Obama To Tout Chicago ‘Successes’ As Nearly 4,000 Murders Ravage City Over Last 8 Years

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Steve Birr Vice Reporter
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Nearly 4,000 people have been murdered in President Barack Obama’s adopted city during his presidency.

On Tuesday in Chicago, Obama plans to bid farewell to the nation and tout the “historic moments” of his presidency.

In the eight years since Obama was sworn into office Jan. 20, 2009, 3,930 people have been killed in homicides across the Illinois city. The majority were black males killed by guns, despite Chicago’s stringent restrictions on all types of firearms. To put this in perspective, this is nearly as high as the 4,229 service members killed during the Iraq War under President George W. Bush.

Residents are fleeing the city and Illinois at a record pace. Illinois lost 37,508 residents in 2016, bringing the state population to the lowest level since 2009. Homicides in Chicago in 2016 skyrocketed passed previous figures, rising from 496 in 2015 to 762 in 2016, CNN reports.

The president, who launched a program to assist black youth in impoverished regions in 2014, called My Brother’s Keeper, often discussed the city’s violence in the context of federal gun control or community relationships with the police. Loretta Lynch, Obama’s attorney general, launched a civil rights investigation of the Chicago Police Department (CPD) after the fatal shooting of a teenager in 2014 by an officer.

“I live on the South Side of Chicago, so my house is pretty close to some places where shootings take place,” Obama said during a 2015 speech in the city. “Because that’s real, we have to get on top of it before it becomes an accelerating trend.”

Chicago has been under the control of Mayor Rahm Emanuel since 2011. Emanuel is Obama’s former chief of staff; despite winning reelection in 2015, he is still struggling to stem the tide of violence.

The sharp jump in homicides in Obama’s adoptive hometown is the largest seen in 60 years, with murders now standing at a nearly 20-year high. The figures show a large acceleration of violence in the deteriorating city, even since 2015, when the murder rate was 18.81 per 100,000 people. The murder rate now sits at roughly 27 per 100,000 people.

Despite tight gun control laws in the city and state, 90 percent of murders in 2016 involved firearms — a 3 percent increase over the previous year. Chicago police also confiscated 8,300 illegal guns in the city, which is a 20 percent increase over 2015.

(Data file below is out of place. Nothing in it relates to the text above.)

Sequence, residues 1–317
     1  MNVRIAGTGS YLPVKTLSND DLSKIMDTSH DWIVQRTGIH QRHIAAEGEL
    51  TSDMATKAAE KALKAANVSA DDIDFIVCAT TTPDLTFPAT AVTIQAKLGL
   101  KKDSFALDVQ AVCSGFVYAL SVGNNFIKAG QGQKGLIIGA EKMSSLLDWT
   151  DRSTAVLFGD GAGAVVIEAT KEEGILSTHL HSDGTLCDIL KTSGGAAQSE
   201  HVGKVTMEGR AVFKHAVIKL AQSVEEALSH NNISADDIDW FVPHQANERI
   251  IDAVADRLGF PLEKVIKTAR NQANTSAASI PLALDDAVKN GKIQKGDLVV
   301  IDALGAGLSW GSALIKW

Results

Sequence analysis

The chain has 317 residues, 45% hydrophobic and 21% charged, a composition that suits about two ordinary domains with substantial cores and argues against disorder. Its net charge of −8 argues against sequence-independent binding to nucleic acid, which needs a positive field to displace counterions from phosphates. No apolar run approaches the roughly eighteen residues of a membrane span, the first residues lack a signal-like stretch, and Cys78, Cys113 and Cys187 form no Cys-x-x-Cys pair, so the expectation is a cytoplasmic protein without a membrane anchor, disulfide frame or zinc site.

The murder rate in Chicago is the highest in the black community, claiming 46.52 lives per 100,000 people in 2015. The homicide rate of young adults ages 20 to 24 rose from 43 victims per 100,000 in 2010 to 64 per 100,000 in 2015, according to research from the Children’s Hospital of Chicago.

“We as a people left in Chicago have a lot of work to do,” Theodria Constanoplis, who lost her grandson to Chicago violence in June, told CNN. “They fear going outside. They fear playing.”

The violence comes during a climate that is growing increasingly hostile to police officers nationwide. The former head of the CPD, fired by Emanuel in late 2015, partly blamed groups like Black Lives Matter for the current atmosphere, which he argued is keeping police from doing their jobs. Due to several lawsuits in the wake of police shooting deaths, the CPD agreed in August 2015 to track all investigatory stops such as pat downs and fill out a two-page report on stops for outside review, reports The Wall Street Journal.

Stops by police of suspicious persons declined in the wake of the new policy from 49,257 in August 2015 to only 8,859 in August 2016. Over this time, the arrest rate dropped by one third.

“So what’s happening, and this is ironic, is that a movement with the goal of saving black lives at this point is getting black lives taken, because 80 percent of our murder victims here in Chicago are male blacks,” former Chicago Police superintendent Garry McCarthy said Jan. 1, referring to the Black Lives Matter movement. “Less than half of one percent of all the shootings in this city involve police officers shooting civilians.”

Obama will deliver his farewell address Tuesday from Chicago, where he served as a senator from 2004 until his election to the presidency. The president says he wants to use the remarks as a platform to thank the country for the accomplishments of the last eight years, “because, for me, it’s always been about you.”

“Since 2009, we’ve faced our fair share of challenges, and come through them stronger,” said a statement from Obama regarding the address. “That’s because we have never let go of a belief that has guided us ever since our founding – our conviction that, together, we can change this country for the better.”

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